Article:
Update: I sent personal congratulations to Bob and Allison and found out from both that Allison's role in this result was larger than I had known. Which reminds me, again, that she does a lot more than people in the Perl community realize, and doesn't get appreciated often enough for it.

Comment on Artistic License upheld by court
Re: Artistic License upheld by court
by Joost (Canon) on Aug 13, 2008 at 23:16 UTC
    tilly thanks for your summary.

    Reading (well skimming, really) the decision, it seems to me that the basic reasoning behind it is that the artistic license represents restrictions on "economic rights" exceeding or extending mere payment for the software in question. In other words, the reasoning seems to be that because the software has some economic value even if it's been given away for free (under certain conditions - and this is, or seems to be, important), the license's conditions should be respected under standard copyright laws.

    It seems to me that this kind of reasoning would apply to most popular open-source licenses in use today. Especially including the GPL and LGPL.

    Anyone who knows about this stuff care to comment? I would especially like to hear about this from a European point of view (I live in Europe - the Netherlands to be precise - and I would like to have my rights under the usual OS licenses respected)

      I am not a lawyer, but my understanding of the decision matched yours. The economic value argument is critically important in the USA because copyright here only applies to economic value. We have no concept of authors having moral rights.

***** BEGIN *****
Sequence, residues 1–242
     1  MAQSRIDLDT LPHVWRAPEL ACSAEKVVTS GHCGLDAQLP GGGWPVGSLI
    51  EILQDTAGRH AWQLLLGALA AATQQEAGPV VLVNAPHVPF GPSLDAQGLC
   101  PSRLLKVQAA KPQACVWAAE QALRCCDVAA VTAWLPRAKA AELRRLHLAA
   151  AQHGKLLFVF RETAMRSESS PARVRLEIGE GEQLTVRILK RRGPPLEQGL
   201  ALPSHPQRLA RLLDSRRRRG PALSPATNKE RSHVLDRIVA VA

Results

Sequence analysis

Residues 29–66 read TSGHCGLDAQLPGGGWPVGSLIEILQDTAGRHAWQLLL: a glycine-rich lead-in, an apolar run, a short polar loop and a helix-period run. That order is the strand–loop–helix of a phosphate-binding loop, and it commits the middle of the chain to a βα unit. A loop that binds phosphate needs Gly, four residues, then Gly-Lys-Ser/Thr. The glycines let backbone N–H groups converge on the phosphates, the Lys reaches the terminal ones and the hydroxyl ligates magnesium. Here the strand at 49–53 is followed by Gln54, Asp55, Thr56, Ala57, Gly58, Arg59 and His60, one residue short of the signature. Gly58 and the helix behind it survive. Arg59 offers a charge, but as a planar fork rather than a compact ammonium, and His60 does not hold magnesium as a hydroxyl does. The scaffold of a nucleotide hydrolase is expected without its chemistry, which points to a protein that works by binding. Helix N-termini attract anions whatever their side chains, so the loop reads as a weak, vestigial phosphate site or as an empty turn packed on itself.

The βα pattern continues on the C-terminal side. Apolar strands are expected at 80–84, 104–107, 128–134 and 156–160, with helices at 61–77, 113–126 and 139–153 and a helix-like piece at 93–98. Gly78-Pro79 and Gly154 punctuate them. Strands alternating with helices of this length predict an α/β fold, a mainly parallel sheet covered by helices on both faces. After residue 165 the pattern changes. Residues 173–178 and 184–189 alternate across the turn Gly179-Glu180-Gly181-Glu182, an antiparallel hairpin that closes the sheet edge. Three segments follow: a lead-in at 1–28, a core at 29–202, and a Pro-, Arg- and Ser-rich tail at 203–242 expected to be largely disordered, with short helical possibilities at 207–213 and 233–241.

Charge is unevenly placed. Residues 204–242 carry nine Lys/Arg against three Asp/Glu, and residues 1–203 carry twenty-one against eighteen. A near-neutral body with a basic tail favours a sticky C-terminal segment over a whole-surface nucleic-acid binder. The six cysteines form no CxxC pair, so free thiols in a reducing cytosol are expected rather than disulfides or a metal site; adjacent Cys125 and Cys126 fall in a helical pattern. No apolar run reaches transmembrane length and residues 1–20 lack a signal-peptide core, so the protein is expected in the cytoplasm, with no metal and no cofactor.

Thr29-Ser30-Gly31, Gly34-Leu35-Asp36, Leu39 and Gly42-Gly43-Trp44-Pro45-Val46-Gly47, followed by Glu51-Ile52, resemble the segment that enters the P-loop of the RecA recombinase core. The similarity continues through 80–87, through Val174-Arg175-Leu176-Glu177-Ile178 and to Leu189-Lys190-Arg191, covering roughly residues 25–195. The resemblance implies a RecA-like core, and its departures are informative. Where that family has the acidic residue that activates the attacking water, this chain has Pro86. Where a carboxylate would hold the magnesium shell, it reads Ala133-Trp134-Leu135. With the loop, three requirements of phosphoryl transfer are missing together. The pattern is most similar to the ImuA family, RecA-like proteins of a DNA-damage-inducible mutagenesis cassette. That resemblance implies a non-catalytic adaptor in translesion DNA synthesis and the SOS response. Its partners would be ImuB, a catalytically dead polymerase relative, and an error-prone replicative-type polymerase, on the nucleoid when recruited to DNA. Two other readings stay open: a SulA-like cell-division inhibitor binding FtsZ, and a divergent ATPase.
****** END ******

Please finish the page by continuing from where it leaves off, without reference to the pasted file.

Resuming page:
I am not familiar with law in the Netherlands, however the GPL has been upheld multiple times in Europe, and the argument used against the Artistic License looks like it would simply fail in a jurisdiction that had any notion of moral rights.

Re: Artistic License upheld by court
by dreadpiratepeter (Priest) on Aug 13, 2008 at 23:59 UTC
    I am going to use a foul word here, which normally I would not do in a forum, because it is generally not appropriate, but...
    This Katzer guy is in the running for being the biggest douche in the history of computing.
    I really hope they can wring every last nickel out of him, or at least that karma gets him.
    I also would hope that deliberately misleading the US Patent Office for the purpose of preying on innocent people is a felony, and the Katzer will find his Karma in federal prison, but I guess that is too much to hope for.